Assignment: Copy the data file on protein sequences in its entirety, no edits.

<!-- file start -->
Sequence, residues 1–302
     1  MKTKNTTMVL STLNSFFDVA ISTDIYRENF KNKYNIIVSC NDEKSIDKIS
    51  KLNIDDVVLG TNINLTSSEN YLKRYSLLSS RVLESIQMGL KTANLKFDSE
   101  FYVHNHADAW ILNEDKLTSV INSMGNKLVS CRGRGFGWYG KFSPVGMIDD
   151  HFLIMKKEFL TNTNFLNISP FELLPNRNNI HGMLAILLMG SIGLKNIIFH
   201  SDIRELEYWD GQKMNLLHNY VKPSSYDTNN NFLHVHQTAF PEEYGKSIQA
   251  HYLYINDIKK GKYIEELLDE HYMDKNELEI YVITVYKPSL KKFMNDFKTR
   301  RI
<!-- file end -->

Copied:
Sequence, residues 1–302
     1  MKTKNTTMVL STLNSFFDVA ISTDIYRENF KNKYNIIVSC NDEKSIDKIS
    51  KLNIDDVVLG TNINLTSSEN YLKRYSLLSS RVLESIQMGL KTANLKFDSE
   101  FYVHNHADAW ILNEDKLTSV INSMGNKLVS CRGRGFGWYG KFSPVGMIDD
   151  HFLIMKKEFL TNTNFLNISP FELLPNRNNI HGMLAILLMG SIGLKNIIFH
   201  SDIRELEYWD GQKMNLLHNY VKPSSYDTNN NFLHVHQTAF PEEYGKSIQA
   251  HYLYINDIKK GKYIEELLDE HYMDKNELEI YVITVYKPSL KKFMNDFKTR
   301  RI